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13 January 2011
Neolithic village discovered in Derbyshire

Archaeologist Ben Johnson and his team discovered a 5,500-year-old Stone Age village during a dig in Peak District fields at Curzon Lodge, near Wirksworth (Derbyshire, England). The team spent weeks digging at the location after being drafted in to check the area by Longcliffe Quarries which will build a new headquarters on the site. Finds such as pottery, tools and an ancient barley grain have been removed. The finds came from the Neolithic period.
     Like so many of today's archaeological discoveries, the dig began when a company - in this case Longcliffe Quarries - began the process of applying for a new building. The firm was required by law to get Mr Johnson's company, Archaeological Research Services (ARS), to investigate the proposed site, near Brassington.
     Mr Johnson said: "A digger took away the top soil and revealed charcoal and the kind of dark earth you would get if you threw away your vegetables and left them in the ground for thousands of years. From what I'd seen before, I realised this was probably a Neolithic site and almost straightaway thought this could be evidence of a settlement. Mr Johnson said the midden contained a piece of pottery, small pieces of flint, chipped into sharp tools and, perhaps most importantly, an ancient barley grain. He said: "The grain had been through the process of being grown and threshed. Even though it was a small thing it had a very important meaning. It showed we were looking at the earliest farmers in the Peak District."
     The pottery came from the early Neolithic Period, when people in England began to settle for the first time instead of living by hunting and gathering. Mr Johnson said: "The shard dated from between 3,900 BCE and 3,500 BCE. This is pretty fragile stuff. Any ploughing nearby would destroy it, so it was a rare find."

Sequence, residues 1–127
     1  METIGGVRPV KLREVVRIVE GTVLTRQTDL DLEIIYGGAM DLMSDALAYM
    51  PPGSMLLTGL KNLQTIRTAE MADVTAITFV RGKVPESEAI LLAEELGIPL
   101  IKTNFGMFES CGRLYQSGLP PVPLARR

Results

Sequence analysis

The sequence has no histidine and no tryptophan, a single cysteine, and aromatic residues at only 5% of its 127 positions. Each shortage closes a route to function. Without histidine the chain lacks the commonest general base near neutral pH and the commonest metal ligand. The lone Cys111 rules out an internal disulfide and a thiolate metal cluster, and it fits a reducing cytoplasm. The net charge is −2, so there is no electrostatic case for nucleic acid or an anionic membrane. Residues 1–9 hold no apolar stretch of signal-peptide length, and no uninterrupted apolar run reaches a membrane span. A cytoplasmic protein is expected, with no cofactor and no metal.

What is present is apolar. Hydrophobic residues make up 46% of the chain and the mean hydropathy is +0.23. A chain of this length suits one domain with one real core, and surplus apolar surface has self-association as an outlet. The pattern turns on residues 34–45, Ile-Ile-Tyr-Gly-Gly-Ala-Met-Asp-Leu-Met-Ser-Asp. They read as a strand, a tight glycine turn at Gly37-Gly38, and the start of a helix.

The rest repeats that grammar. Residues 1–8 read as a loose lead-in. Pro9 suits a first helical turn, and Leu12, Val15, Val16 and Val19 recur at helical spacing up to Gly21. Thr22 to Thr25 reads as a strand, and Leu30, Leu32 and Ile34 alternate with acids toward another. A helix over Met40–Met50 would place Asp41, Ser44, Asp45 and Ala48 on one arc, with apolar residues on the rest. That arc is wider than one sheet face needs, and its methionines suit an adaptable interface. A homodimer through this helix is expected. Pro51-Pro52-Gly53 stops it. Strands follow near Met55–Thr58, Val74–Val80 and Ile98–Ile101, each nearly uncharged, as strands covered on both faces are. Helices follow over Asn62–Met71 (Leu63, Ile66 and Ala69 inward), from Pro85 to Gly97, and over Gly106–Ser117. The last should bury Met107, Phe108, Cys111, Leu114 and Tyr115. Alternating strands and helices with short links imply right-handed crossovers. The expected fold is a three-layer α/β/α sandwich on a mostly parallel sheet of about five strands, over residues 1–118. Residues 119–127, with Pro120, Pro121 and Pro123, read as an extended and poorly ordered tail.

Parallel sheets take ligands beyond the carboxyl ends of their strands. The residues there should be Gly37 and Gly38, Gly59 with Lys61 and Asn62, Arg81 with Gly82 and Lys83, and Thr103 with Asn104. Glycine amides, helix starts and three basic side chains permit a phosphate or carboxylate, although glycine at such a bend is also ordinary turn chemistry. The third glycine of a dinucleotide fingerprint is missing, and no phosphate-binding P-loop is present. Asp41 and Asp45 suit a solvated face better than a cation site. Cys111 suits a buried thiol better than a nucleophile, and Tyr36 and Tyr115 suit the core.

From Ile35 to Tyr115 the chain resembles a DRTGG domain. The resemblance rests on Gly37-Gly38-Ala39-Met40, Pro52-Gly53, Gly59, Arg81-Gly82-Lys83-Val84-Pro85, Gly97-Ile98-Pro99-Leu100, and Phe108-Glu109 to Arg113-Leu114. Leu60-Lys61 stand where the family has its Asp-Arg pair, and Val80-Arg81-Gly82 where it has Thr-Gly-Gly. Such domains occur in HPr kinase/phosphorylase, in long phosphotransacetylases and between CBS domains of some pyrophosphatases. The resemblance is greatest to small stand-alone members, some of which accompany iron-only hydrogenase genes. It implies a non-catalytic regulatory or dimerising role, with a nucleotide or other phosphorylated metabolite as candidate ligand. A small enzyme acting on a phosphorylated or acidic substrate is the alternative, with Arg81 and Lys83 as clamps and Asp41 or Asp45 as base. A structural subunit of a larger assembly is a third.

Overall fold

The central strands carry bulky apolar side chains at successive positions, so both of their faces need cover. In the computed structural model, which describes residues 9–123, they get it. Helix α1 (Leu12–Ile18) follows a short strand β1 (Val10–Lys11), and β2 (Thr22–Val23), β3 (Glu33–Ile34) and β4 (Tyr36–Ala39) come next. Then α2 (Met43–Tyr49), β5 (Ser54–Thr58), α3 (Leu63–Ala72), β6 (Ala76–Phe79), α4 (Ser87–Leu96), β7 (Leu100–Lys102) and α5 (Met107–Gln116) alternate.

In total, 83 pits and 13 trenches were dug as they searched for more remains, and a clearer picture of the site's importance developed. Hearth pits, used for cooking and warmth, were found containing charcoal which could be accurately carbon-dated to the Neolithic. Several more small pieces of flint cut into sharp knives for things like skinning animals and butchery were discovered. And three possible 'post-holes' suspected to be part of a home's structure was found.
     Jim Brightman, a senior archaeologist with ARS, said: "Our best guess was that we were looking at a settlement of buildings built using posts. These homes may have been quite sturdy or they may have been more lightweight. They were probably rectangular like others in the area. People would have lived inside them. Hearths would have been either inside or outside the buildings. There would have been middens, perhaps a short distance away from the settlements, just as with rubbish dumps today."
     The farming, Mr Brightman said, would have been in small plots, 'more horticulture than agriculture' making families self-sufficient. He added: "There could well have been cattle because that is a mobile type of farming. Most of the country would have been covered with forest but people were beginning to clear the trees to keep cattle." Mr Brightman said the site also provided more information about other finds made in the area, including several Neolithic flint axes, nine inches long, cut to a sharp point.
     Perhaps surprisingly, ARS did not object to Longcliffe Quarries' plans. But Mr Brightman explained that, once dug up, the site was 'destroyed anyway'. Its importance, he said, was in the information gained from it rather than material finds from the trenches. Curzon Lodge's Neolithic settlement, he said, formed another important piece of the Neolithic puzzle in Derbyshire's uplands. The digs were made in summer 2008 and winter 2009, but this is the first time details of the finds have been revealed to the general public.

Edited from Derby Telegraph (11 January 2011)

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